How to Let Your Weekend Invigorate You

As it is Monday again, and I am again trying to work but obviously failing, it is time to reflect on a most wondrous weekend.

It kind of already started on Thursday, when we went out on a little date night. We went to this fancy burger place. No fastfood stuff, but quality ingredients cooked to perfection. My choice was a lamb burger with grilled peppers and sheep cheese. Cole slaw on the side, and of course Belgian chips with freshly made mayonnaise, and a beer to wash it down. Omnomnom. Then: two games of pool, I won twice. Booyah. And to finish off: watching Everest at the cinema. My Goodness with capital G, what a movie. I was so impressed I even forgot to finish my skittles.

But then came Friday, and work was horrendous. It was the first time I had to teach, and it went far from well. I don’t really master the subject, so all I could do was read my notes and go through the slides. It must have been awfully boring, and all 100 students looked terrifyingly confused. It makes my stomach twist and turn when I think of the next session I have to teach. I guess you can all imagine I came home from work Friday evening in a state somewhere between priceless relief (thank god that’s done, for now at least) and mad disappointment (I think I might just be the worst teacher ever). But the boyfriend was waiting for me to cheer me up, and as always he succeeded. And we watched the brand new Big Bang Theory episode. Smiling and giggling was guaranteed.

For this weekend, we had nothing planned at all. At least no obligatory things like drinks with friends or dinners with families. So Saturday, we went out shopping. Time to get some winter gear: shoes, coats, gloves, and a good piece of meat to roast the next day. Then pop a pizza into the oven, watch the latest Graham Norton, and the brand new Heroes Reborn. Yes, summer has gone, television season has started! We were both very much looking forward to Heroes, but so far we are not convinced. We stuck through the whole episode, 1 hour and a half, but might not do next time if it doesn’t pick up. I’m hoping this was just an introductory episode, introducing all the new characters and story lines, and that the fun will start next week. Usually I wouldn’t watch series like this, I like cliffhangers from the first episode onwards, immediately being dragged into the story. But it’s Heroes so I’ll give it one more chance.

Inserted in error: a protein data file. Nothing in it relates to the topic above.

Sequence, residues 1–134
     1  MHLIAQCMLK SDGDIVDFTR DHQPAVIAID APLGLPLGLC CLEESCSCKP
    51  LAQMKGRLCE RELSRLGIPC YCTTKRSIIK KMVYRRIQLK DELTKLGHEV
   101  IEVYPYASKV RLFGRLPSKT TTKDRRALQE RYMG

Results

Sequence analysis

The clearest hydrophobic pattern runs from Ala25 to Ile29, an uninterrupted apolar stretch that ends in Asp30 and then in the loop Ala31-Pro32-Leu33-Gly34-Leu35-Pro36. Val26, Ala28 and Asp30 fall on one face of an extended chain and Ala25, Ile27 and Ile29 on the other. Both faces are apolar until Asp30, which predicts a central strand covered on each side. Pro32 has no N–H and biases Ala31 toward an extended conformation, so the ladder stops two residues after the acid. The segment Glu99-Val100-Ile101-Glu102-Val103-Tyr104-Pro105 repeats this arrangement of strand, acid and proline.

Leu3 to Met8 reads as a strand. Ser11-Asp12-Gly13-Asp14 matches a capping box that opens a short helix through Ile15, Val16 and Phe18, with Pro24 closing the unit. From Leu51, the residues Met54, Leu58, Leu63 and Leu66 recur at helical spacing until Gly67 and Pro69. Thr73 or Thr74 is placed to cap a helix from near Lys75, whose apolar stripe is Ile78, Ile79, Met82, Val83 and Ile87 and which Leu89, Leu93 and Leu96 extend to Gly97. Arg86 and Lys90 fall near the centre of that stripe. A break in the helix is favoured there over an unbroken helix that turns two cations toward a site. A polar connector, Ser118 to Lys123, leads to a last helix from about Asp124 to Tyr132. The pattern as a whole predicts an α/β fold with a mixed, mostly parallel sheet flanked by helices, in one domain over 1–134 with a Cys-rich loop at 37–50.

Sunday was a gorgeous day in so many ways. First of all, the sun was shining. But I didn’t really have the chance to go outside straight away. First, we were going to build our final Ikea cupboard. I started on it during the week, rearranged the whole room so we could lie the cupboard down, empty cardboard boxes everywhere, and I got so enthusiastic I was trying to build an over 2 metres high cupboard all by myself and slightly broke it. But thank goodness for my improvising skills, and my smarter boyfriend insisting on building it together after that. After we’d done the big parts together, I left him to finish it off and went to my kitchen kingdom. I was going to make a Sunday roast. For the first time. Ever.

Why would I do such a thing? Or even: why would I only do such a thing only now for the first time?! Well, I had this weird teenage phase where I was a vegetarian. Luckily, by now, I have come to my senses, as meat is not only good for you but also super tasty. Sadly though, I skipped the part where I learned how to cook it. So usually I do sausages or chicken, maybe some pork. But the time had come to tackle some roast beef. And as sides: oven roasted butternut pumpkin, oven roasted potatoes English style, broccoli, and gravy. Bring it on.